Seven times is the tax increase on salaries


Amendments should not only cover family allowance deductions but also, annual income tax ranges.

BEIRUT: Chadi graduated from college in 1999 and was hired by a Lebanese company for a monthly salary of LBP 800,000, an annual package of LBP 9,600,000 per year, out of which LBP 42,000 are deducted as income tax on salaries and wages. Chadi benefits from a family allowance deduction as a single person amounting to LBP 7,500,000 per year.

Twenty years later, Chadi’s monthly salary reached LBP 1,600,000 (equivalent to LBP 17,200,000 LBP per year), while the income tax on salaries and wages reached LBP 348,000. As for the family allowance deduction, it remained the same despite that the monthly minimum wage increased from LBP 300,000 in 1998 to LBP 675,000 in 2009, i.e 2.25 times the previous minimum wage.

Normally, family allowance deduction should have increased to LBP 16,875,000 (2.25 x 7,500,000) in conformity with the minimum wage increase.

If fair adjustments (Table 1) were to be applied, Chadi would only have to pay LBP 47,000 as income tax on salaries and wages, instead of an unjust overpayment of LBP 301,000 (LBP 47,000 – LBP 348,000) which is more than seven fold the due amount to be paid.

The same goes for Zeina, who was employed before Chadi in the company and therefore, has been longer in service. Zeina started off with a monthly salary of LBP 1,200,000 in 1999, which reached this year LBP 2,400,000. The income tax Zeina is paying has increased from LBP 90,000 to LBP 585,000 per year while it should have been only LBP 165,000 per year. Therefore, Zeina is unjustly paying LBP 420,000 i.e 3.55 times the amount she should have been paying.

On the other hand, the company’s manager Ghassan, pays an income tax on salaries and wages estimated at LBP 2,685,000 instead of LBP 1,654,000 which means he is paying an estimated tax of LBP 1,031,000 (1.62 times the due amount), because fair adjustments were not applied. It is to be noted that salaries within the lower spectrum are more susceptible to unjust taxation.

Family allowance deduction for a married employee currently amounting to LBP 10,000,000, provided that the wife is unemployed, should be amended to reach LBP 22,500,000 (2.25 x 10,000,000). Thus, the amount ranging between LBP 10 Million and LBP 22.5 Million should be taxable instead of being subject to complete exemption.

Amendments should not only cover family allowance deductions but also, annual income tax ranges. For example, the first range from zero to 6 Million, subject to 2 percent tax, should be raised to LBP 13.5 Million (6 Million x 2.25) or 20-fold the minimum wage (20 x 675,000) as opposed to the current 20 times the previous minimum wage (20 x 300,000) equal to LBP 6 Million. As a result, Lebanese citizens are paying an unjustified tax of 4 percent instead of 2 percent on income ranging between LBP 6 Million and LBP 13.5 Million.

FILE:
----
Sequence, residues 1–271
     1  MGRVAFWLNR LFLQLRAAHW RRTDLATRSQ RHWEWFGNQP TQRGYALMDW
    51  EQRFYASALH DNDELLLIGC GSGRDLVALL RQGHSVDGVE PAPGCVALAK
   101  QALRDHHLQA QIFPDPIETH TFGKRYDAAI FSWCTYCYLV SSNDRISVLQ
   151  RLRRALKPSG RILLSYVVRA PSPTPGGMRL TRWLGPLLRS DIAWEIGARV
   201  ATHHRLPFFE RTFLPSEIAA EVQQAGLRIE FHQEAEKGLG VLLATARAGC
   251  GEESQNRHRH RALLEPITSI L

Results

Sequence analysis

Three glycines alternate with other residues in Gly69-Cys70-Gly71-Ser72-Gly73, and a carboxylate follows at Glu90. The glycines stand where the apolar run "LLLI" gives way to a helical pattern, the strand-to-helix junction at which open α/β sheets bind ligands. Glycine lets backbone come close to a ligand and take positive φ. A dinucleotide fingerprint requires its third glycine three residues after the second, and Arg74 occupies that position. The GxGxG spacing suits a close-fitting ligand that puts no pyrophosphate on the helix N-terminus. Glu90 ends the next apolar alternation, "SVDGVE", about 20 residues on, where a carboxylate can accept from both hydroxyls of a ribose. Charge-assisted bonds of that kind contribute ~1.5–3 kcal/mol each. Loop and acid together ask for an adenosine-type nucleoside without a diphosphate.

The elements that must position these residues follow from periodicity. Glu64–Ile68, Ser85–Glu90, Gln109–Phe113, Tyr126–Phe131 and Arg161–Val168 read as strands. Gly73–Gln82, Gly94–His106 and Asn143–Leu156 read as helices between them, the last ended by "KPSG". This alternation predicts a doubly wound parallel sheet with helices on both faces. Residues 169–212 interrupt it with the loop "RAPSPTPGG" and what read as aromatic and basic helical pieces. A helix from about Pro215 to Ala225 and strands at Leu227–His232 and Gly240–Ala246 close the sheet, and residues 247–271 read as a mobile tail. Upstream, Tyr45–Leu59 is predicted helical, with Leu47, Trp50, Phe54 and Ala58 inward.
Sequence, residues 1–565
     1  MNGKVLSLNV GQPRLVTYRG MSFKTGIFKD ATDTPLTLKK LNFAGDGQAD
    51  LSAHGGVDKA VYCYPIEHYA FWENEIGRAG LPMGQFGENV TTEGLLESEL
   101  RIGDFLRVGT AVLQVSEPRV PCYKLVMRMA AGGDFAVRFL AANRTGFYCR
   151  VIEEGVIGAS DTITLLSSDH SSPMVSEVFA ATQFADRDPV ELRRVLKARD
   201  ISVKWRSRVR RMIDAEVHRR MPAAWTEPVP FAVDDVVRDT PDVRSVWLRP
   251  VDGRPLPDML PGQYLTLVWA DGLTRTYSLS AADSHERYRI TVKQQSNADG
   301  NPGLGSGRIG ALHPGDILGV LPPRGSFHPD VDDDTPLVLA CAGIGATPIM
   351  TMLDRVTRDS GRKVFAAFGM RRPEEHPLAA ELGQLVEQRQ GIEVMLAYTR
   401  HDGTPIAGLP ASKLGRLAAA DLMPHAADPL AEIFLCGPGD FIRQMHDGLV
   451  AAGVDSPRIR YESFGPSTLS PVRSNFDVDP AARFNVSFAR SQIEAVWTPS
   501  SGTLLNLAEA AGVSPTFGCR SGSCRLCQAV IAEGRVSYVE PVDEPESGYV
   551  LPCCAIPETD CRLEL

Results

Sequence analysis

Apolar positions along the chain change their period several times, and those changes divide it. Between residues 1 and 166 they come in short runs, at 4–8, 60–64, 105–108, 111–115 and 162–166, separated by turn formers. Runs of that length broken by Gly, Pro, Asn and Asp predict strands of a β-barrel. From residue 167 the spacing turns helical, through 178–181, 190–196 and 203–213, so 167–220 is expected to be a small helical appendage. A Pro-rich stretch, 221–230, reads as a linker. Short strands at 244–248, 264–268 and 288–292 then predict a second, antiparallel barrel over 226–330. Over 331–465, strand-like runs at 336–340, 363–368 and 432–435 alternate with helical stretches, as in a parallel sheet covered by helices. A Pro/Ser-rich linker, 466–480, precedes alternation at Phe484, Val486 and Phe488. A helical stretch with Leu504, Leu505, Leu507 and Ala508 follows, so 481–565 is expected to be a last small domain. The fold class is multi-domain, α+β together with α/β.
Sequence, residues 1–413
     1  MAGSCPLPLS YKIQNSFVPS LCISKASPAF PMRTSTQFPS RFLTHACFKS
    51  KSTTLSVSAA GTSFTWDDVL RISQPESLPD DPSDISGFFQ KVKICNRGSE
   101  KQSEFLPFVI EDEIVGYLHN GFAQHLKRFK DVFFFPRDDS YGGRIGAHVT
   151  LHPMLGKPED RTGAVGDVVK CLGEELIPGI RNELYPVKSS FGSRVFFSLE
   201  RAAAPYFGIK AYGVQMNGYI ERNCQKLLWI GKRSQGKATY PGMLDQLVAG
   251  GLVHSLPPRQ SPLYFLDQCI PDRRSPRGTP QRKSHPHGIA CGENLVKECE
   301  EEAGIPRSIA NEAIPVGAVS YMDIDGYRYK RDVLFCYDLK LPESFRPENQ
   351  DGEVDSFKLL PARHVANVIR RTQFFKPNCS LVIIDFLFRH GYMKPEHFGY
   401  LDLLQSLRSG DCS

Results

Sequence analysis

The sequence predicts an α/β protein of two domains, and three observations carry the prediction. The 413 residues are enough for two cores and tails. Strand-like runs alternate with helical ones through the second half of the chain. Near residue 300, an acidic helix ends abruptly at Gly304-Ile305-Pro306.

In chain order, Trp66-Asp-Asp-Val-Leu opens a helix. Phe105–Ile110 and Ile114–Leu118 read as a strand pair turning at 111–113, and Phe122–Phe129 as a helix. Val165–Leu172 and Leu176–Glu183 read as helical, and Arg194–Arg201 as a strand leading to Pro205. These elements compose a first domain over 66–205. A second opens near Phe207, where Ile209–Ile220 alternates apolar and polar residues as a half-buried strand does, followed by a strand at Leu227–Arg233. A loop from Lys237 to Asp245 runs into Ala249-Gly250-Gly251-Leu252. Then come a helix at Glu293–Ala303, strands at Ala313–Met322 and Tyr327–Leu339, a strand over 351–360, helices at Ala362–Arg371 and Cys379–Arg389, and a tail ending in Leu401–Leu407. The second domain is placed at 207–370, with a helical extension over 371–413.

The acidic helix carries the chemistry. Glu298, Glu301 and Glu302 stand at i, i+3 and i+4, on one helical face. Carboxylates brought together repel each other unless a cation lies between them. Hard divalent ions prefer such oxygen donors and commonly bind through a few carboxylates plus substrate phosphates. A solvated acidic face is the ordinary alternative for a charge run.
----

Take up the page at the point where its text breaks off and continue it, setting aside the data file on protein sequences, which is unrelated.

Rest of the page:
On the other hand, it is surprising that the 2018 Budget Law has amended the owner’s main residence rebate, deducted from the rental value of occupied houses, from LBP 6 Million to LBP 20 Million. Thus, if the rental value of your apartment does not exceed LBP 20 Million, it is not subject to any Built Property Tax which means that an additional LBP 14 Million (LBP 20 Million minus LBP 6 Million) is not taxable.

Why not apply the same amendments on salaries and wages? especially that fiscal evasion in this category (second category) does not exist since taxes are deducted at the source and target the majority of citizens in private and public sectors mainly those with limited income.

Indirect taxes are not the only unfair taxes. Payroll taxes are unfair as well, due to the lack of required tax rectifications, which has resulted in huge financial burdens inflicted on Lebanese citizens during the last 10 years.

It is strongly advised during a recession to offer tax incentives to draw in investments and lower taxes if possible in order to increase expenditures and boost the economy especially that these taxes are being paid unjustly.

In 2017, I warned against the consequences of increasing taxes amid a recession, which would drive the economy into a depression and raise less revenues to the State, according to the theory of Laffer Curve. Unfortunately, my warning fell on deaf ears and depression is now prevailing. Will they listen this time or will the Lebanese suffer the consequences?

Jihad Hokayem is a Chief Financial Market Strategist.



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